The Cost of Dying

By William R. Walters

View all articles by this author

In life, there is no free lunch. Unfortunately, this principle applies to death as well. The most immediate and obvious cost of dying is the funeral or other arrangements relating to the disposal of the deceased’s body. While this can run to many thousands of dollars, it pales by comparison with the two main financial burdens of dying: probate fees and taxation. And while these two sets of fees can only rarely be avoided entirely, they can be minimized.  

Probate fees
Probate is the process by which a court confirms that a deceased’s will is in fact that person’s last, valid will. Probate has the practical value of providing reassurance to banks and others holding assets of the deceased that they may deal with the executor named in the probated will according to the instructions set out in the will.

Probate is not always required. For example, probate may not be required if a deceased owned all of his or her assets jointly with another person, or the deceased’s assets are held by institutions that do not require probate.

Where probate is required, probate fees are not paid if the value of the estate is below $25,000. Between $25,000 and $50,000, probate fees are $6 for every $1,000, and above $50,000, the rate is 1.4 per cent.  

Having assets pass outside the will can minimize probate fees. This result can be accomplished by numerous methods, including gifting assets during one’s lifetime, holding assets in joint tenancy with another person, or creating inter vivos trusts. Great caution and thoughtful planning are required, however, to ensure that the benefit of minimizing probate is not acquired at too great a cost.  

For example, transferring property into joint names may trigger capital gains taxes or require the payment of property transfer taxes that offset the savings on probate. One also surrenders control by putting assets into joint tenancy: the joint owner’s co-operation likely will be required to deal with the asset, and the actions of the joint owner may jeopardize the asset.  

Taxation - A Simplified Overview
Canada has no estate tax. However, the Income Tax Act brings into income for the deceased’s final year many kinds of accrued capital gains, accrued income and recapture of capital cost allowance.  

Accrued capital gains are one of the most significant issues for an estate. A capital gain is the difference between the cost of an asset to its owner when it is bought and the price at which the owner disposes of it. If the asset is sold for less than it was bought, a capital loss results.  

When a person dies, the Income Tax Act deems that a deceased sold for fair market value all of their assets just before death. Of course, the asset may not actually have been sold. Nonetheless, the deceased’s estate is responsible to pay the capital gains tax that results from this deemed disposition of the asset.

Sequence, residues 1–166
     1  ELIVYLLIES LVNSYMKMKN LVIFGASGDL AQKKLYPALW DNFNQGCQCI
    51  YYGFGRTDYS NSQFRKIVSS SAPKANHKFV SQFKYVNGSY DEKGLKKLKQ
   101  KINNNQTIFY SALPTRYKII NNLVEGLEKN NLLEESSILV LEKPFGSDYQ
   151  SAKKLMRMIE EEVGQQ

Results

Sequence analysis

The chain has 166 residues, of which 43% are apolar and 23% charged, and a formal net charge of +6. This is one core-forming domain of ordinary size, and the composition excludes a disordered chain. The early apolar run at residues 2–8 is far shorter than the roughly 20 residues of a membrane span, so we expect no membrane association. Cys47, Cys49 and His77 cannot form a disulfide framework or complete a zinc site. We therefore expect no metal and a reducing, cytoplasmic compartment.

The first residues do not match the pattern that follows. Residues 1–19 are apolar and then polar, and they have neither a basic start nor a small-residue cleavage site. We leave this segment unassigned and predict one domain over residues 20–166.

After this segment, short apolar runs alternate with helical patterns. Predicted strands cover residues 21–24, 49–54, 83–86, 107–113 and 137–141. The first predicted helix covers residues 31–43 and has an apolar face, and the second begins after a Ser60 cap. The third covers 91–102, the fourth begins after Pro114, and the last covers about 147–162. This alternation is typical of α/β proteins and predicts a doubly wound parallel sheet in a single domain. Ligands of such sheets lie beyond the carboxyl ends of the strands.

In order to minimize the effect of taxes on death, an individual can plan to defer the payment of taxes for as long as possible and can try to achieve tax savings.  

Common deferral techniques include: 
Spousal or common-law partner rollovers: property is transferred to one’s spouse or partner during lifetime or after death in order to defer the payment of the tax arising on death until the spouse or partner dies. Eligible property such as capital property can be rolled over on death to a spouse, common-law partner, spouse trust, or common-law partner trust. While alive, an individual can only rollover capital property to this same set of individuals and trusts.

Rollover of certain kinds of farm and fishing property to a child resident in Canada: noteworthy is that a child here may, in appropriate circumstances, include grandchildren and great-grandchildren.  

Estate freezes: business or investment assets are transferred to a corporation or the capital of an existing corporation is reorganized so that future growth occurs in the hands of children or grandchildren.

Tax savings can be achieved by taking advantage of certain provisions in the Income Tax Act including:

The $750,000 lifetime capital gain exemptions: for example, shares in a small business corporation owned directly by an individual may qualify for this exemption if the necessary criteria are satisfied. 

Testamentary trusts: trusts created in a will are taxed at the same graduated rates as the income of an individual. Income generated in such trusts thus will be taxed at the appropriate rate and resulting capital could be distributed tax free to beneficiaries. This arrangement is particularly useful where the beneficiary is earning income from other sources outside of the trust as well. 

As with plans to save probate fees, individuals should carefully assess the benefits, costs and risks of any plan to save or defer taxes arising on death. These issues must be looked at in the total context of an individual’s estate plan and not simply in isolation. Experienced, professional advice, although perhaps costly in the short-term, may be the best investment of all.

This article is informational only. For personal advice, contact your legal professional.



This article has been viewed 2472 times.

Post A Comment

Comments that include profanity, personal attacks, or antisocial behavior such as "spamming," "trolling," or any other inappropriate material will be removed from the site. We will take steps to block users who violate any of our "terms of use". You are fully responsible for the content you post. Senior Living takes no responsibility for the views and opinions of members using this discussion area.

Submit Articles

Current Issue

Search For Articles


Subscribe To
The Magazine